RAK: Rising profile

Ras Al Khaimah’s (RAK’s) tourism sector continues to exceed expectations, with visitor arrivals well up on forecasts and overseas investment flowing in. However, the emirate faces stiff competition in a crowded market to develop brand recognition.

According to data issued by the RAK Tourism Development Authority (TDA), the emirate hosted 523,568 visitors in the first five months of the year, well over the forecast of 500,000 for the opening half of 2012. This increase in visitor numbers saw occupancy rates at beachside hotels and resorts rise to 82%, up by 6% over the same period in 2011, while those in city hotels climbed to 73%.

To help maintain that performance, the government has budgeted $500m in investments for tourism developments up to the end of 2013, mixing new hotel construction with other hospitality facilities and improved infrastructure. The emirate hopes to attract 1.2m visitors by 2013. In addition to state-backed investment, the government is working to attract further overseas capital. The Intercontinental Hotels Group is the latest to enter the RAK market, announcing it would open a 442-room Crowne Plaza RAK in 2015 with Kuwait-based Al Madina Real Estate Development.

While the sector is performing well and new developments are rolling off the drawing board, it can be difficult for a relatively small destination to make a major impact, particularly when local competition is fierce. According to Victor Louis, the COO of the RAK TDA, some of the smaller tourism destinations in the UAE, such as RAK, can at times be overshadowed by the profile of Dubai, an early entrant into the tourism sector and which has long focused on building up its brand in the market.

“There is a perception at the moment that you land in Dubai and you stay in Dubai,” Louis told a meeting of senior UAE tourism officials on September 24. “The problem is that Dubai started early and now the other emirates are following, each with their own branding exercises.” One option that Louis put forward was for the national government to do more to promote the UAE as a tourism destination as a whole, rather than each of the seven constituent emirates going their own way.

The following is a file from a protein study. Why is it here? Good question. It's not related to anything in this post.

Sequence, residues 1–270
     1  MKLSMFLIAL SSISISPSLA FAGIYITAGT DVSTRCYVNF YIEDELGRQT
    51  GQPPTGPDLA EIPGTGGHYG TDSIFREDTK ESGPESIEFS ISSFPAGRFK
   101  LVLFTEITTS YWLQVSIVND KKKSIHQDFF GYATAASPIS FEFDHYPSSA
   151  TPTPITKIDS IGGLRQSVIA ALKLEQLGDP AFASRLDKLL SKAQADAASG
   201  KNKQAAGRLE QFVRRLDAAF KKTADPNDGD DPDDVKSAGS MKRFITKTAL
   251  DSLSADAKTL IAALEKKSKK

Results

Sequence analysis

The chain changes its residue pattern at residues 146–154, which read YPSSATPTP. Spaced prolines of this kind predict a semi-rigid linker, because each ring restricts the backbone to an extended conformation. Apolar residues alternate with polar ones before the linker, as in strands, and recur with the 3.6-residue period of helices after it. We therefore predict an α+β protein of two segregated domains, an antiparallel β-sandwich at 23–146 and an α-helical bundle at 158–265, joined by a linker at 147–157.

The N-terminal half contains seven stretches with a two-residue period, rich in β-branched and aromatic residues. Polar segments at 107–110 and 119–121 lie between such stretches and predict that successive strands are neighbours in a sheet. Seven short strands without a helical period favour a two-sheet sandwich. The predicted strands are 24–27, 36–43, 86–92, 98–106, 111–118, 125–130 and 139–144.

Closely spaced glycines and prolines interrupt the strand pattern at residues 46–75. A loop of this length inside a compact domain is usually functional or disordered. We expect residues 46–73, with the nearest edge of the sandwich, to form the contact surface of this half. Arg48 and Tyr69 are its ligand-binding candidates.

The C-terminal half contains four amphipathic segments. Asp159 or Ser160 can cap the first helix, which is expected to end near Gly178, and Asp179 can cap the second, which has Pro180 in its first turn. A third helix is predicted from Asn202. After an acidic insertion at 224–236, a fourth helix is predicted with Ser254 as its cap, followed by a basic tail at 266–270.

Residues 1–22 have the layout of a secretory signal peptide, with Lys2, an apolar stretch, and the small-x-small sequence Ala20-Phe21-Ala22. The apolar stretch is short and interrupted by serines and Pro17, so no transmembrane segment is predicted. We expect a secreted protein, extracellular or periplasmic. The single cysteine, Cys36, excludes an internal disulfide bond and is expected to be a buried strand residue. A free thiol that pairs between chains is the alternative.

While a national approach to tourism promotion could see visitors spend time in each of the emirates, it may be difficult to sell the idea of a roaming holiday across the country, rather than one based around a single hotel or resort.

Though RAK has advocated a joint approach to tourism promotion, it is also determined to go its own way as well, turning to social media in an attempt to raise its profile. In early September, the RAK TDA unveiled a new iPhone and iPad application allowing subscribers to “try before you buy” through detailed information on the emirate’s hotels, resorts and restaurants, as well as other tourism information.

As well as looking to raise its profile through promotional activities, RAK is seeking to improve visitor access to the emirate by launching a domestic air service. The initial plan calls for four flights per week between RAK and Abu Dhabi, with the frequency shifting to daily flights by the end of this year and up to two per day by the end of the third quarter of 2013. With the flights taking just 45 minutes and costing $112 roundtrip, RAK Airways is targeting both business customers and holidaymakers.

Currently none of the other UAE-based airlines offer domestic services, meaning that the launch of RAK Airway’s new service in October will give it an edge over its rivals. The increase in tourism arrivals this year, along with the expected higher demand due to the new domestic flight schedule, has prompted the carrier to embark on a fleet expansion programme, with the airline looking to double its fleet by the end of 2012.

It will take some time to see if RAK Airways’ new domestic strategy takes off with travellers, though by offering a quick and easy link to and from the emirate, it could well take RAK to another level as a destination.

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